New Jersey Repertory Co. launches its summer season with “Ten Percent of Molly Snyder,” a manic comedy by Richard Strand that manages to survive on one long joke thanks to actors who mine the humor with expansive comic flair. But while it’s keenly staged by artistic director SuzAnne Barabas, the two-hander struggles to rise above its repetitious concept.
The situation is an extension of the classic Ziegfeld Follies skit “Pay the Two Dollars,” filmed in 1946 with Victor Moore and Edward Arnold. Under the advice of a lawyer, a $2 fine for a minor offence escalates to a death sentence for a hapless innocent offender. Strand has stretched an old eight-minute joke into an 85-minute play.
This time around, fledgling artist Molly Snyder (Stephanie Dorian) pays a visit to her local motor vehicle agency to correct a misprinted address. The inevitable red tape leads to a newspaper publication of her obituary, the sale of her house and, consequently, escalating sales for her paintings.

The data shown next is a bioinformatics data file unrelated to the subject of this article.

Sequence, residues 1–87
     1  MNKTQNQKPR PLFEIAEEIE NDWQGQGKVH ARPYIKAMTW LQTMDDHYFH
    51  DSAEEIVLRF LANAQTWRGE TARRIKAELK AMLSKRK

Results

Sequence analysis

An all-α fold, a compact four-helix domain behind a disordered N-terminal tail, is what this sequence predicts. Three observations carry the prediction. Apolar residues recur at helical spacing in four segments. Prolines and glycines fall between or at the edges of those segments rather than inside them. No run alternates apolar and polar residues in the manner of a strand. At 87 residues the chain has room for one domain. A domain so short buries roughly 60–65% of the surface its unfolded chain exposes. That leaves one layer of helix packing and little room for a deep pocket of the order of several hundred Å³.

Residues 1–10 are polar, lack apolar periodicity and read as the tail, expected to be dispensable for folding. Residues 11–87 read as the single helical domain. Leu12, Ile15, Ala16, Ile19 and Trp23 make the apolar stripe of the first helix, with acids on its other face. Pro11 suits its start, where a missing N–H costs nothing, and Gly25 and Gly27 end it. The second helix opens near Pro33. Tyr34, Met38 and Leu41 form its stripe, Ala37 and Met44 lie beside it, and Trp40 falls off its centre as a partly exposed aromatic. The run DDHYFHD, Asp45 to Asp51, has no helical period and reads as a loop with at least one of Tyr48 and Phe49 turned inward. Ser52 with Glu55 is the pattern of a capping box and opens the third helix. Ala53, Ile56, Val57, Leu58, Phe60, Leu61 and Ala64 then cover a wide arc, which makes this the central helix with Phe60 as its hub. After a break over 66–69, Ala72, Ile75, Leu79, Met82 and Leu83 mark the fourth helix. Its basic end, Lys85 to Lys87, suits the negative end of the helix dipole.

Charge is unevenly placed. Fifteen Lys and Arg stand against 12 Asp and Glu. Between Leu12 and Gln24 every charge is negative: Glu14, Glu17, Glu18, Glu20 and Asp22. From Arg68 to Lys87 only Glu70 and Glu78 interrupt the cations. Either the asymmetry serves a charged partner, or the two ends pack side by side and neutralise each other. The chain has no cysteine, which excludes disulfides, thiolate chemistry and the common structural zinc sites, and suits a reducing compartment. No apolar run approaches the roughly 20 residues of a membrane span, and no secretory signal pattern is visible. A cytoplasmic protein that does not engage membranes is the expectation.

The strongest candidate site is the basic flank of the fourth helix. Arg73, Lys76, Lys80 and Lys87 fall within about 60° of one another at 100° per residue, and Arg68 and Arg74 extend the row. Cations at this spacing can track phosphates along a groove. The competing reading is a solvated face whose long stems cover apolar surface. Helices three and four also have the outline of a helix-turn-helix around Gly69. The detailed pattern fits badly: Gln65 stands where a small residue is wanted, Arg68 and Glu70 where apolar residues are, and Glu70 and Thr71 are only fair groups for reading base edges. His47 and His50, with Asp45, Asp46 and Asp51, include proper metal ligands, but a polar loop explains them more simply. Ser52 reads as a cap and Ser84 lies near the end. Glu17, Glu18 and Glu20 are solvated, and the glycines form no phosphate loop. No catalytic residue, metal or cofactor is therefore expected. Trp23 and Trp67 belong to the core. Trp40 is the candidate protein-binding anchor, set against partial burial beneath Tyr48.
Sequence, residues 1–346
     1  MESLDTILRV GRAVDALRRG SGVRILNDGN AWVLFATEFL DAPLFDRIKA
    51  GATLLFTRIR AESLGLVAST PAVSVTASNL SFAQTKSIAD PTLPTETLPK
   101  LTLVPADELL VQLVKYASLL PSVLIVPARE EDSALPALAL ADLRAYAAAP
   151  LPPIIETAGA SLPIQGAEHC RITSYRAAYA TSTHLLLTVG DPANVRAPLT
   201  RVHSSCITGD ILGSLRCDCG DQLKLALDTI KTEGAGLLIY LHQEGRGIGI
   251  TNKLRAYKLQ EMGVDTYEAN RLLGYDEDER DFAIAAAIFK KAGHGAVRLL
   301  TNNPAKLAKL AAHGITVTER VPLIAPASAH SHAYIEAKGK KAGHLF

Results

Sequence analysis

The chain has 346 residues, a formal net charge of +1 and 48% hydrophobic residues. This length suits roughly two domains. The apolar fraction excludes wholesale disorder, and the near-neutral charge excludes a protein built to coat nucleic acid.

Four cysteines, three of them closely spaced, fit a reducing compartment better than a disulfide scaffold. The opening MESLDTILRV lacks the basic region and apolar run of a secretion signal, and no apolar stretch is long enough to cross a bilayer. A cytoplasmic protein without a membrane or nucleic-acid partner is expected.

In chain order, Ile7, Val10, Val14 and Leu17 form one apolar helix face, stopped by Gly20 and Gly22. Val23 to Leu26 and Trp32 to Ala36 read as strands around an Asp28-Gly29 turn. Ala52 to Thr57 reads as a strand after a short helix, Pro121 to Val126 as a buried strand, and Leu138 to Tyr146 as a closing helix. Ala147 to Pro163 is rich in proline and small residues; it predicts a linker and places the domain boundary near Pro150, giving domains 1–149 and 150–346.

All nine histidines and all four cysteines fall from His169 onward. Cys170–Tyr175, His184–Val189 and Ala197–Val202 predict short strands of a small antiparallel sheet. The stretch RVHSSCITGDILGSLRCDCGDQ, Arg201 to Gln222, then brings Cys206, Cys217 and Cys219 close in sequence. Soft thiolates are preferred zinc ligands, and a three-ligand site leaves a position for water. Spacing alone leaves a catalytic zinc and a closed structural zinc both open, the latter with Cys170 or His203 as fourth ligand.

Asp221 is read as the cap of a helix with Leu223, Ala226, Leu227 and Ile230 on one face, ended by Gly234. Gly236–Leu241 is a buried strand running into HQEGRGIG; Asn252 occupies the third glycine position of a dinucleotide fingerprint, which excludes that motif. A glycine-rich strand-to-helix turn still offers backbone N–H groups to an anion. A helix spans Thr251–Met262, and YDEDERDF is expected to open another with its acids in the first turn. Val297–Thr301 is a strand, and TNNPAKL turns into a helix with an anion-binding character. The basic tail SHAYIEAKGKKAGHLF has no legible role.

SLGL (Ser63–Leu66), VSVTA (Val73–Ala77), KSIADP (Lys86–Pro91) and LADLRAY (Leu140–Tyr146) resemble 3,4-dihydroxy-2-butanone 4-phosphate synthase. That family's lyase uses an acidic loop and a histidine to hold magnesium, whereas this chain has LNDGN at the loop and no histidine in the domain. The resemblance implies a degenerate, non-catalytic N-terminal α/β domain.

She is thwarted at every turn by the foolish conventions of a bureaucratic maze that even culminates in the Oval Office on the eve of her execution to beg for a pardon from the president.
Michael Irvin Pollard plays an indifferent motor vehicle agent, a dithery newspaper editor, a female bank executive, an art agent and an African-American U.S. president without any alteration in appearance or wardrobe. He defines the goofy characterizations with zest, despite the obvious repetition of circumstances.
Dorian runs the gamut from a meek public citizen with a minor complaint to a wildly frustrated victim of circumstance. She is at best valiant in a one-dimensional role.
Barabas has fueled her actors with a sense of urgency and paced the action with rushed comic fury. Strand’s final scene, featuring a faulty electric chair, is a broad comic device that doesn’t quite work.
Tech effects are acceptable, with a blandly cold office setting framed by a sharply defined lighting design.